Thanks to FidoNet, users of any FidoNet-connected BBS could exchange email with users of all other FidoNet-connected BBSs. Eventually someone created a gateway to the Internet.
One reason for FidoNet mail’s success is that it separated the message transport function from the user agent function. Users of CBBS systems could easily exchange messages with users of Searchlight BBS systems, across the globe. All FidoNet user agents allowed reading and replying to email while offline.
I used a FidoNet-based email frontend and backend called D’Bridge, which was written in Borland’s Turbo Pascal by Chris Irwin. It was very slick, but I never saw it progress beyond the “work in progress” stage. D’Bridge allowed my PC to become a FidoNet node or point, so I could correspond with FidoNet BBS email users around the world for the cost of a local phone call. Email reading and replying was done off-line, so phone costs remained low. (I met Chris — a bungee jumper and skydiver — once in Miami. He told me that he’d bicycled to the South Miami post office to mail disks of his program and on his way home, his bike was stolen out from under him — as he was riding it! Miami was frantic in the 1980s.)
Eventually AT&T introduced its AT&T Mail service. It was a warmed-over Unix-based mail system that was rushed to market when AT&T’s long-delayed packet-switched network failed to appear. It offered a uucp gateway and services similar to MCI Mail, but I preferred MCI Mail’s much friendlier user interface.
Western Union EasyLink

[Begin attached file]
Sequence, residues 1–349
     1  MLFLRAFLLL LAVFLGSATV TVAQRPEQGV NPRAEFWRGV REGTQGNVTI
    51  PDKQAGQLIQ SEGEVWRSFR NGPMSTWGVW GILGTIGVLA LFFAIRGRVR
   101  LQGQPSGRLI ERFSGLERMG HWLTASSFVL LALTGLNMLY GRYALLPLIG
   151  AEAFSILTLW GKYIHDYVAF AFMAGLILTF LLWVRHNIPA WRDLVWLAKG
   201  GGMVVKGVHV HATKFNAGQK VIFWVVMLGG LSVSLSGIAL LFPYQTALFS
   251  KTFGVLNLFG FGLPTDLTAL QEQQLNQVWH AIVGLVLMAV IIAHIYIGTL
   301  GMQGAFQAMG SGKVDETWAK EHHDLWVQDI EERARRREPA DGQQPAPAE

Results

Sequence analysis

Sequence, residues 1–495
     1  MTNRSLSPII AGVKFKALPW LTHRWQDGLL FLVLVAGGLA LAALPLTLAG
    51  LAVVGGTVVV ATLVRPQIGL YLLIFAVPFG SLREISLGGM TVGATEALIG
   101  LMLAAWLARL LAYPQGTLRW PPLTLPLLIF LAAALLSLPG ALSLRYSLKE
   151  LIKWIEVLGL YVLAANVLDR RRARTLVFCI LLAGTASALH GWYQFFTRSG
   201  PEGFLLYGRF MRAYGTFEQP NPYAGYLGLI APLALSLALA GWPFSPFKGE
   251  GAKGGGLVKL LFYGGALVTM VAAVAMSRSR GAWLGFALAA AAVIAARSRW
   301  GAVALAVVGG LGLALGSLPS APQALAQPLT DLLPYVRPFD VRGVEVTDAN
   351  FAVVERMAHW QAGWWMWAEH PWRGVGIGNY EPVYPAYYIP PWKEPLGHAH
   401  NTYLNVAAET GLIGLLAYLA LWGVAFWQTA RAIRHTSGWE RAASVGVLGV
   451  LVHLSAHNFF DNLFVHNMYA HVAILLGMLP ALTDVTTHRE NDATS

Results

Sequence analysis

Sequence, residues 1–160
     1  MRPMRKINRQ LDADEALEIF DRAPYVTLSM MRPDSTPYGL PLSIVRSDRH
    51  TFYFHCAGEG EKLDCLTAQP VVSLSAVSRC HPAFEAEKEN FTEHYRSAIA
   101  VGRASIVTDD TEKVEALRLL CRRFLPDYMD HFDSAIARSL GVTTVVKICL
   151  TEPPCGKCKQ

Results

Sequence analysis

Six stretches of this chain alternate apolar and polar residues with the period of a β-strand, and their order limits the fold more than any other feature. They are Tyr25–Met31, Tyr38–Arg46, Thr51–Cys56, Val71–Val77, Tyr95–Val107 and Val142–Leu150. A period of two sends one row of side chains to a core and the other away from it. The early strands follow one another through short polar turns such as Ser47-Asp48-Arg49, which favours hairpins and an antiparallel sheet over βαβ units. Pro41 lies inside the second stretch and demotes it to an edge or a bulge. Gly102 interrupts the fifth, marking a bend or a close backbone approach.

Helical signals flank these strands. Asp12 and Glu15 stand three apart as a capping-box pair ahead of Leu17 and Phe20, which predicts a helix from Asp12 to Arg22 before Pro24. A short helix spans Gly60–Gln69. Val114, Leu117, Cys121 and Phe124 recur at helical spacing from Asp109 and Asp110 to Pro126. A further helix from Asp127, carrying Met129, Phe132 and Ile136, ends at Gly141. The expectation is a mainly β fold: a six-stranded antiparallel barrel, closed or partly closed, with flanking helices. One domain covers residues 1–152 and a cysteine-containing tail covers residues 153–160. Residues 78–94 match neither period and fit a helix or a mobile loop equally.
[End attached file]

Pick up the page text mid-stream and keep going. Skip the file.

Western Union introduced its EasyLink service as a competitor to MCI Mail. It had an unfriendly user interface and a directory that was difficult to search, but offered gateways to most other public email systems. Around 1991, AT&T relabeled EasyLink as AT&T EasyLink. It remained clunky and expensive.
A major problem with most public email services was that users were billed by the minute while their modem remained connected.
About 1986, I installed Action Technologies’ MHS (Message Handling Service), a Novell Netware server based mail handling system with an open application programming interface. Action Technologies’ own Coordinator email client was intriguing, but too structured for most users. In 1988 we settled on Davinci eMAIL, a client-based system which used MHS for message transport between mail hosts. It stored a user’s messages in either a private local database or a shared database on a server. DaVinci eMAIL served us well for many years, first in text versions and later in Windows versions.
A number of commercial and shareware gateways for MHS appeared. We eventually had MHS gateways to MCI Mail, AT&T Mail, fax, uucp, and SMTP. For some reason, Novell was slow to update MHS, which left an opening. A small Maryland based company named Infinite Technologies produced an MHS compatible “post office” with a feature superset. It was called Connect2. We replaced all MHS hosts with Connect2.
Sidenote: Infinite Technologies’ founders were Brett Warthen (a prolific coder) and John Madill. John was one of the founders of FidoNet. Small World. At least then it was.
MHS (and Connect2) connected organizations by transporting messages between disparate systems primarily using dial-up connections, but as the 1990s drew to a close, that role was acquired by products that employed SMTP (Simple Message Transport Protocol) on the public Internet.
About 1997, my employer’s new owner mandated deployment of Lotus Notes. It was essentially a shared database with a quirky email-like user interface. Most users preferred the intuitive DaVinci eMAIL user interface.
In 1996 Microsoft introduced its first release of Exchange. It offered X.400 compatibility but no compatibility with MHS. I didn’t think that it had a future. I was wrong.
I use a variety of email systems. On my Android phone, I use the friendly email program that’s bundled with Android 4.2.2. On PCs, I use Mozilla’s Thunderbird or Microsoft’s old Outlook Express. I avoid Microsoft Outlook; I just don’t like its user interface. Occasionally I use Microsoft Office 365’s Webmail, with its horrible user interface.